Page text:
Written by Zoe Manoukian
The years of Halloween saw more spooky costumes than witty or current costumes. While today we are likely to imitate a specific person when dressing up, the objective during the 19th century was mostly concerned with concealing identity. Costumes were meant to evoke a sense of death or otherworldliness, and there was no such thing as a premade or box costume. Instead, participators created their own costumes, often dressing as witch or ghoul-like figures.
At the close of the century, “exotic” costumes that portrayed other cultures rose in popularity. There was little to no regard for sensitivity, and many costumes of this time would be considered appropriative or offensive by today’s standards as both children and adults portrayed Chinese men and Egyptian princesses.
By the turn of the century, Halloween was more commonly celebrated among schools and civic societies and became more of a family affair. Costumes at this time were created with the intention of only being worn once, and children often dressed in crepe paper aprons decorated with “haunting” designs of cats and witches and paired with matching paper hats or face masks.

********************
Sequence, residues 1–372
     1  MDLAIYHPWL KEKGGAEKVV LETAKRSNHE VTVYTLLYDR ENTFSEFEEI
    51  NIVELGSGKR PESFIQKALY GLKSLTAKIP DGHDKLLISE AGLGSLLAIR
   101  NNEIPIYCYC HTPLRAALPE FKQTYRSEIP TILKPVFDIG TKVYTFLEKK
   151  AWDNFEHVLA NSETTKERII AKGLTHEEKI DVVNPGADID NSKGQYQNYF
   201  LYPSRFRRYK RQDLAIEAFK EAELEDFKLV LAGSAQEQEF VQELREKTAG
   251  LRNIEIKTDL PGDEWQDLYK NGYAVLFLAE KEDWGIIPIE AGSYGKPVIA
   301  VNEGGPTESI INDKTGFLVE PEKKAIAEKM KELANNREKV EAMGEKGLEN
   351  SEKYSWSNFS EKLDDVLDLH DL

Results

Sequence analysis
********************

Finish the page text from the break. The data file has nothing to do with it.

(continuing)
The 1930s saw an increase in attention towards costumes, as concerned parents began to organize activities that we now consider to be traditions, such as haunted houses, trick or treating, and costume parties. As Halloween became more festive and centered more around children than it had in the past, costumes became more kid-friendly and less death-obsessed, and they included characters from radio shows, comics and movies. Mickey Mouse, for instance, was a hit! Box costume sets were even sold by department stores such as Sears.
Box costumes became more affordable in the 50s, and, due to the transition from radio entertainment to television, we began to see a rise in recurring pop-culture inspired costumes. Box princess, mummy and clown costumes were all the rage, as was the controversial Cowboy and Indian costume. Children also imitated beloved characters such as the Little Orphan Annie, Bowinkle and Peter Pan.
The 70s saw the introduction of presidential masks to the holiday, the most famous being Richard Nixon, a costume which became even more popular following the Watergate Scandal. And a guest attended Nixon’s daughter’s Halloween party donning a mask of former president Lyndon B. Johnson!
Also through the 70s and into the 80s we saw a rise in slasher movie inspired costumes, as well as sci fi/fantasy costumes. Think “Star Wars” and “E.T.”
The 90s saw the establishment of store-bought “sexy” costumes, as well as an onslaught of somewhat ironic costumes as people dressed themselves as McDonald’s Happy Meals and Tootsie Pops.
This brings us to today. Now, all of the aforementioned costumes and their sexy counterparts are likely to be purchasable at any Halloween Express or Party City.